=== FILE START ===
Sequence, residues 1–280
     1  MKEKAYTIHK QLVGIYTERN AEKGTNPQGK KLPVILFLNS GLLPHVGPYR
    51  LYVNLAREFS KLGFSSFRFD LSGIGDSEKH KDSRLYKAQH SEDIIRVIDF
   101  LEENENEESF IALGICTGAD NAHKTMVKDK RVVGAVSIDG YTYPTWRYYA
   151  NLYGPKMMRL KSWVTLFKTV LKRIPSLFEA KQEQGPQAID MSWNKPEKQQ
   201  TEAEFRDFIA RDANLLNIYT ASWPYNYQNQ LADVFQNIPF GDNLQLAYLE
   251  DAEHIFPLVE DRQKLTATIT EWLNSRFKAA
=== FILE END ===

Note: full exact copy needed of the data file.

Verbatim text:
Sequence, residues 1–280
     1  MKEKAYTIHK QLVGIYTERN AEKGTNPQGK KLPVILFLNS GLLPHVGPYR
    51  LYVNLAREFS KLGFSSFRFD LSGIGDSEKH KDSRLYKAQH SEDIIRVIDF
   101  LEENENEESF IALGICTGAD NAHKTMVKDK RVVGAVSIDG YTYPTWRYYA
   151  NLYGPKMMRL KSWVTLFKTV LKRIPSLFEA KQEQGPQAID MSWNKPEKQQ
   201  TEAEFRDFIA RDANLLNIYT ASWPYNYQNQ LADVFQNIPF GDNLQLAYLE
   251  DAEHIFPLVE DRQKLTATIT EWLNSRFKAA